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Today's Stichomancy for Bill O'Reilly

The first excerpt represents the past or something you must release, and is drawn from Herland by Charlotte Gilman:

thought it was quite plain. We are trying to learn of you all we can, and to teach you what you are willing to learn of our country."

"Is that all?" he insisted.

She smiled a quiet enigmatic smile. "That depends."

"Depends on what?"

"Mainly on yourselves," she replied.

"Why do you keep us shut up so closely?"

"Because we do not feel quite safe in allowing you at large where there are so many young women."

Terry was really pleased at that. He had thought as much, inwardly; but he pushed the question. "Why should you be afraid?


Herland
The second excerpt represents the present or the deciding factor of the moment, and is drawn from Kenilworth by Walter Scott:

of numbers has a more strong effect on ear and imagination than in more advanced life. At this season of immature taste, the author was greatly delighted with the poems of Mickle and Langhorne, poets who, though by no means deficient in the higher branches of their art, were eminent for their powers of verbal melody above most who have practised this department of poetry. One of those pieces of Mickle, which the author was particularly pleased with, is a ballad, or rather a species of elegy, on the subject of Cumnor Hall, which, with others by the same author, was to be found in Evans's Ancient Ballads (vol. iv., page 130), to which work Mickle made liberal contributions. The first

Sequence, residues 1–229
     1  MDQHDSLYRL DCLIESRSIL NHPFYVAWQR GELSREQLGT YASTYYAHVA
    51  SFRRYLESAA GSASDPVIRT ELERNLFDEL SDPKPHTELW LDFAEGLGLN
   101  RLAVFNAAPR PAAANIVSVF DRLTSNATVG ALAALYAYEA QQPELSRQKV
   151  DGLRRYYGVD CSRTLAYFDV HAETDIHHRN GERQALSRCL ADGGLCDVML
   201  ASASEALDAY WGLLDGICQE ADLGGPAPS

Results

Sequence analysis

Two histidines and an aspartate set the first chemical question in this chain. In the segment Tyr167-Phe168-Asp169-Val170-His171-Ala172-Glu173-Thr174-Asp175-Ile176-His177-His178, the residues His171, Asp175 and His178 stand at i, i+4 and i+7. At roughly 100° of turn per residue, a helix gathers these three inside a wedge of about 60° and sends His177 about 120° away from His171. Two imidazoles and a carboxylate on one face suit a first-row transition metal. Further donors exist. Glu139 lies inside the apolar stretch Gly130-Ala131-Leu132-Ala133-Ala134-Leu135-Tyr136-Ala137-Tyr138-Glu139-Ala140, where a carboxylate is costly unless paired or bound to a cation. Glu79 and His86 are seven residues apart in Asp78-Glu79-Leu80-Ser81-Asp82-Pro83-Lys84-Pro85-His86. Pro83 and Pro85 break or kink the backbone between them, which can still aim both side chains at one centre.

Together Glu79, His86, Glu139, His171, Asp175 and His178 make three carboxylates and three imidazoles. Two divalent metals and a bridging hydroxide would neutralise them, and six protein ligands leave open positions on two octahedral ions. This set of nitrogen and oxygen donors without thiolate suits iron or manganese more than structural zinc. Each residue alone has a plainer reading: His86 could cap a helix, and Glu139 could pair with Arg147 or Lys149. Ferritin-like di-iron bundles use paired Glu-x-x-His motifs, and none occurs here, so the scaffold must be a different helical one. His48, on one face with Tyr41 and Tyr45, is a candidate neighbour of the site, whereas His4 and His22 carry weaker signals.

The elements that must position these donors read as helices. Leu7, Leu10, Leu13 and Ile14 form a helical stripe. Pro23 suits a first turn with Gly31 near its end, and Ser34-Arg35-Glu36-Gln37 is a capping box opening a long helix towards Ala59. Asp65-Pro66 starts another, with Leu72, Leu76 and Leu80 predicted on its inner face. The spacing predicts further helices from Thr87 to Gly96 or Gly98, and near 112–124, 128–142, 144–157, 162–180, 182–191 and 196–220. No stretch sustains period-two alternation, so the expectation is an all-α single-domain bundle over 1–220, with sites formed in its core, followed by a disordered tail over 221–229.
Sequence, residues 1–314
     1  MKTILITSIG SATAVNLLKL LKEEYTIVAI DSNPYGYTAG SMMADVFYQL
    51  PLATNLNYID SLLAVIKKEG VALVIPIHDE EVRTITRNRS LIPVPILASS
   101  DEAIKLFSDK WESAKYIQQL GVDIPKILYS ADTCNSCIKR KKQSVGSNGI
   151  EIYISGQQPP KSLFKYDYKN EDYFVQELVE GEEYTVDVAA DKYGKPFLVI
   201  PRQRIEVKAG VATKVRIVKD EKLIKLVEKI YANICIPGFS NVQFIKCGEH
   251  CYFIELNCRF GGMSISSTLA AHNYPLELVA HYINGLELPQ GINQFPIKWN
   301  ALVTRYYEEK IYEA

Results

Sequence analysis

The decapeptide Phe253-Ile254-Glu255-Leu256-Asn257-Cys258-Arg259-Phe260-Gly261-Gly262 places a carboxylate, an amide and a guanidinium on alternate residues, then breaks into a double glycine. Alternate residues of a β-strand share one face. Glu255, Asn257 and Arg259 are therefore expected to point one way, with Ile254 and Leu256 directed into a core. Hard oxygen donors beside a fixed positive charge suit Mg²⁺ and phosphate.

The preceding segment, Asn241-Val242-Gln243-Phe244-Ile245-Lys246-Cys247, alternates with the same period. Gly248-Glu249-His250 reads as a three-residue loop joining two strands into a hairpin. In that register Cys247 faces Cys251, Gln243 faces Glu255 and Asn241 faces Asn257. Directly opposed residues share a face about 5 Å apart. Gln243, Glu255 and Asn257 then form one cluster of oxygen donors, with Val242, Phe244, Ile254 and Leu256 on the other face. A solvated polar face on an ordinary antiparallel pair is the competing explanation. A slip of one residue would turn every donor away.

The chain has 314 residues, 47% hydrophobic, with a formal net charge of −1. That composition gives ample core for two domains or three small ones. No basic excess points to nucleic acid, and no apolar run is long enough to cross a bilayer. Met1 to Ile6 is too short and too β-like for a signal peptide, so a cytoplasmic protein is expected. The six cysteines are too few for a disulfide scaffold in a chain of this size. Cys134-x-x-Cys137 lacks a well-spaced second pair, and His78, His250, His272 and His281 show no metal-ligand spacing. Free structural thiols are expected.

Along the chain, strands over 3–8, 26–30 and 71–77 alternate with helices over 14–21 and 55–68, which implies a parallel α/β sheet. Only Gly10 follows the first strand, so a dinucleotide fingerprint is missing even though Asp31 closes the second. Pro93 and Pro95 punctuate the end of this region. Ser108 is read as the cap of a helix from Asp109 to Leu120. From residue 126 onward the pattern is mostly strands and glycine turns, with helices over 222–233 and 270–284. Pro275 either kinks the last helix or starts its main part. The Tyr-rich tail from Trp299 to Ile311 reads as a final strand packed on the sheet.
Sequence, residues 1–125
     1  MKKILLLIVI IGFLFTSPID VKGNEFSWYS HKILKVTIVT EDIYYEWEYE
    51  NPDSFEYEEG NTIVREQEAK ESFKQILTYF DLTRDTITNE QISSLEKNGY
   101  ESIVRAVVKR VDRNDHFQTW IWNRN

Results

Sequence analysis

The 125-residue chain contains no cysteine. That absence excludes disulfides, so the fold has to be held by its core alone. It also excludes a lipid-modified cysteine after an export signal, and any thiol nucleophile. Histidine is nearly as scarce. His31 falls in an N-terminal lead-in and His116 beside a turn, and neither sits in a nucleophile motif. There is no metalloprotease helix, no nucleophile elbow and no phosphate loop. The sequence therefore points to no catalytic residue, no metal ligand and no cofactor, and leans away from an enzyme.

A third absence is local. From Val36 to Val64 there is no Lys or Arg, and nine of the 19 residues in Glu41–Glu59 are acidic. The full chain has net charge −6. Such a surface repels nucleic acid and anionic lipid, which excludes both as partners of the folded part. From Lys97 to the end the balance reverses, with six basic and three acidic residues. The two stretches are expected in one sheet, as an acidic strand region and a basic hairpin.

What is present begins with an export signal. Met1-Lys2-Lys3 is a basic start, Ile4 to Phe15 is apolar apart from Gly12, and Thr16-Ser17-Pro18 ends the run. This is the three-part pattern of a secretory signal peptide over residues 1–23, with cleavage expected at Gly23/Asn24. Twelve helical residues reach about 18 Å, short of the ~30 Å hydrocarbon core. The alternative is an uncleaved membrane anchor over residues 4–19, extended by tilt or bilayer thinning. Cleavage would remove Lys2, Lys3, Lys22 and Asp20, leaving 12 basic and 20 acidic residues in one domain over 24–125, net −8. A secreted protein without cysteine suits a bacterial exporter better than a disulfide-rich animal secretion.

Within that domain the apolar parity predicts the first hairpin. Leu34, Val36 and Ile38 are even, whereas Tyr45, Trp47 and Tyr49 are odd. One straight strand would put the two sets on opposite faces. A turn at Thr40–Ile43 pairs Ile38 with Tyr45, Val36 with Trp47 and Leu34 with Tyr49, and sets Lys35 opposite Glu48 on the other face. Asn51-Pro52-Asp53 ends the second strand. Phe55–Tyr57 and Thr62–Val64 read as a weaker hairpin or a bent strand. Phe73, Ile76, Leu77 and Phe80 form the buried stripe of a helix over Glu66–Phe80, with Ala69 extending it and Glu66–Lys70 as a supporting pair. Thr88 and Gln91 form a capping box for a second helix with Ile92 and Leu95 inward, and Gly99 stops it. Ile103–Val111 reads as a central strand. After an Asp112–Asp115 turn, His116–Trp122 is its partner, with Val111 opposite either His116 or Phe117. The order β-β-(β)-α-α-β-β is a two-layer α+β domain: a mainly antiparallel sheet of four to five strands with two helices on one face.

Kenilworth
The third excerpt represents the future or something you must embrace, and is drawn from The Mad King by Edgar Rice Burroughs:

his spies among the palace servants, or even the guard. You know the old fox has always made it a point to curry favor with the common soldiers. When he was minister of war he treated them better than he did his officers."

"It seems strange, Coblich, that so shrewd a man as you should have been unable to discover some irregularity in the political life of Prince Ludwig von der Tann before now," said the prince querulously. "He is the greatest men- ace to our peace and sovereignty. With Von der Tann out of the way there would be none powerful enough to ques- tion our right to the throne of Lutha--after poor Leopold


The Mad King